I spoke on a panel last week at the Silicon Flatirons Telecommunications Program titled “Re-examining The Patent System.” My panel was the last one and came after a few hours of stimulating discussion about the problems with patents, the problems with patent reform, and the reason our government is struggling so much with what to do.
When I was at MIT in the 1980’s, copyright and patents were just starting to be a major issue in the personal computer software business. I vividly remember attending a lecture in one of my classes by the general counsel of Lotus who was suing Borland for copyright infringement between Quattro Pro and Lotus 1–2–3. This was around the same time that Apple vs. Microsoft / Xerox vs. Apple lawsuits appeared, as well as the nonsense Ashton-Tate vs. Fox Software lawsuit. Forget about patents – this was about copyright!
Some of the research I did when I was a doctoral student at MIT was around the sources of innovation in the software industry. In the late 1980’s, the three primary mechanisms for protecting innovation were copyright, patents, and trade secrets. Copyrights (as evidenced by the legal action above) was the most active area and I – among many others – thought that copyrights were a problematic way to fundamentally protect software innovation, especially around look and feel (which was all the rage at the time.) Of course, with the widespread emergence of the GPL and open source, the dynamics of software copyright have changed radically in the past decade, which is likely part of the reason the focus has shifted to patents.
I personally think software patents are an abomination. My simple suggestion on the panel was to simply abolish them entirely. There was a lot of discussion around patent reform and whether we should consider having different patent rules for different industries. We all agreed this was impossible – it was already hard enough to manage a single standard in the US – even if we could get all the various lobbyists to shut up for a while and let the government figure out a set of rules. However, everyone agreed that the fundamental notion of a patent – that the invention needed to be novel and non-obvious – was at the root of the problem in software.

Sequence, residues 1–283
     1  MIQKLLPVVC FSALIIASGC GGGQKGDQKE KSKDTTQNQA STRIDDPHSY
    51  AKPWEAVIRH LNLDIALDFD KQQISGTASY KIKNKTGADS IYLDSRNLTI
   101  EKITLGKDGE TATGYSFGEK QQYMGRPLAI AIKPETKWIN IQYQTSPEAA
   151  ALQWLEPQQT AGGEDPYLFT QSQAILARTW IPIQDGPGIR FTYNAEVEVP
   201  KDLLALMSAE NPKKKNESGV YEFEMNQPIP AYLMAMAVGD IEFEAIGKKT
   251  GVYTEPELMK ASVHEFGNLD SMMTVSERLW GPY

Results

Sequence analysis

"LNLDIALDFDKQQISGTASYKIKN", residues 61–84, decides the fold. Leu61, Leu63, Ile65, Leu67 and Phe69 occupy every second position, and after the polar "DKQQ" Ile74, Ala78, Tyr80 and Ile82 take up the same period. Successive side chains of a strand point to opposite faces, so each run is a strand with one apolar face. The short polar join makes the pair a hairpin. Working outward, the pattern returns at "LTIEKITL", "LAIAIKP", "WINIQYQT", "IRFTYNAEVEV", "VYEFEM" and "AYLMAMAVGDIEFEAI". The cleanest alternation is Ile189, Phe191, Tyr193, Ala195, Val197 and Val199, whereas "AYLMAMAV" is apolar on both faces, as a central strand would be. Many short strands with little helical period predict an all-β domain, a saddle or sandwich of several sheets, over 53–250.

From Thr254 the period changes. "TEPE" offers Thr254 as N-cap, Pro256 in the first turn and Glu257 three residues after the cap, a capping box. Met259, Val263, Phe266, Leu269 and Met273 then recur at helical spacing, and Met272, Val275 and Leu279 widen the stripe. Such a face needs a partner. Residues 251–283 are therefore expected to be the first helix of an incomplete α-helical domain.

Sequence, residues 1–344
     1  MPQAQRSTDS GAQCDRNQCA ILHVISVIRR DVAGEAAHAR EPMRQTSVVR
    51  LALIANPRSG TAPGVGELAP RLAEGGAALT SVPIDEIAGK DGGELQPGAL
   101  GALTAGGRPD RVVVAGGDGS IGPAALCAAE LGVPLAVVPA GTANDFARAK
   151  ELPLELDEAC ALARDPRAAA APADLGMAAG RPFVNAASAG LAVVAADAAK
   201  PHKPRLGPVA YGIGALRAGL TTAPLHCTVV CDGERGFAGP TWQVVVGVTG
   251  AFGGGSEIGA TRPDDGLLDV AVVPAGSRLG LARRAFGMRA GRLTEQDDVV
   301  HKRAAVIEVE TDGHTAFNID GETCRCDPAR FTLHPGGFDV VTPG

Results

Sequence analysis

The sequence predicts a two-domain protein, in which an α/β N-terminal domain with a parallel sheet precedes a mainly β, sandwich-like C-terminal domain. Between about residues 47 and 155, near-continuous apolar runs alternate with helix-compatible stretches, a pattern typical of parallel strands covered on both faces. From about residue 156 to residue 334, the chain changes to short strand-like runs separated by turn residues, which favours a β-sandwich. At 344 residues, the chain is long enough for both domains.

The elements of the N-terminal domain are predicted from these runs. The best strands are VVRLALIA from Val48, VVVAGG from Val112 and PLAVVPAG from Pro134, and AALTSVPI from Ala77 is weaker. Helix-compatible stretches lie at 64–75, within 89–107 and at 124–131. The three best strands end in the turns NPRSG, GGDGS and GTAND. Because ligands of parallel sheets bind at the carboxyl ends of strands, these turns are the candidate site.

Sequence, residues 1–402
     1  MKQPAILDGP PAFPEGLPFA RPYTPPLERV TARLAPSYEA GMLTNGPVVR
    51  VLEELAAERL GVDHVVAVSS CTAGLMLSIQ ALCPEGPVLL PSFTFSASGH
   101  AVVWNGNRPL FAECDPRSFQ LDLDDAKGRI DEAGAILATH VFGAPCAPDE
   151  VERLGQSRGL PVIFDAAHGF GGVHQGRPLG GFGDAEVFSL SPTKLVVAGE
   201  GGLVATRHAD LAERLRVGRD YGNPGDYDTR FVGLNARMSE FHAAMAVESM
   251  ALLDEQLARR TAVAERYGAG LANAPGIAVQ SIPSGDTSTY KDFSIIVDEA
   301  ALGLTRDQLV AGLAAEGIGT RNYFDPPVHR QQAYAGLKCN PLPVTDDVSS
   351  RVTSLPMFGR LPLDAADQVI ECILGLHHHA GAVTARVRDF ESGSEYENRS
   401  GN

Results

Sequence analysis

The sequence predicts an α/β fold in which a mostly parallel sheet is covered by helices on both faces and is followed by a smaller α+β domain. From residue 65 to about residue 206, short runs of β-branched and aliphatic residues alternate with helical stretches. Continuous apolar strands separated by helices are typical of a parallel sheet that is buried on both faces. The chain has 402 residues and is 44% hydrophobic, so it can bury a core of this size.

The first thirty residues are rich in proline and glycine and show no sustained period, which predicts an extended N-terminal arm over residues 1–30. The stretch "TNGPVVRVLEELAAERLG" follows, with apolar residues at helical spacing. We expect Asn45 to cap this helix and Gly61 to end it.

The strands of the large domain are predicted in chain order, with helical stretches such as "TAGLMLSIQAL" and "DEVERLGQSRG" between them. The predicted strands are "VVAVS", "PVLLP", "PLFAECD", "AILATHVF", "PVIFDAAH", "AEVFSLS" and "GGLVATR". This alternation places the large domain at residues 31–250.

I’ve skimmed hundreds of software patents in the last decade (and have read a number of them in detail.) I’ve been involved in four patent lawsuits and a number of “threats” by other parties. I’ve had many patents granted to companies I’ve been an investor in. I’ve been involved in patent discussions in every M&A transaction I’ve ever been involved in. I’ve spent more time than I care to on conference calls with lawyers talking about patent issues. I’ve always wanted to take a shower after I finished thinking about, discussing, or deciding how to deal with something with regard to a software patent.
I’ll pause for a second, take a deep breath, and remind you that I’m only talking about software patents. I don’t feel qualified to talk about non-software patents. However, we you consider the thought that a patent has to be both novel AND non-obvious (e.g. “the claimed subject matter cannot be obvious to someone else skilled in the technical field of invention”), 99% of all software patents should be denied immediately. I’ve been in several situations where either I or my business partner at the time (Dave Jilk) had created prior art a decade earlier that – if the patent that I was defending against ever went anywhere – would have been used to invalidate the patent.
When I made the assertion that we should simply abolish software patents entirely, I noticed a lot of lawyers heads moving vertically up and down. I took this as a good sign, especially since a number of them had gray hair (and a few were on the earlier panels and sounded very intelligent and experienced, especially for lawyers.)
After wrestling with software patents for the past 15 years, I’ve concluded that there simply is no middle ground. If we continue on the path we are on, patents will continue to increase in their overall expense to the system, everyone will feel compelled to continue to apply for as many (and as broad) patents as possible, if only for defensive reasons (one of Fred’s VC Cliche’s of the Week was “Patents are like nuclear bombs, you just got to have some.”) Let’s take a page from geopolitical warfare and focus on global disarmament, rather than mutually assured destruction.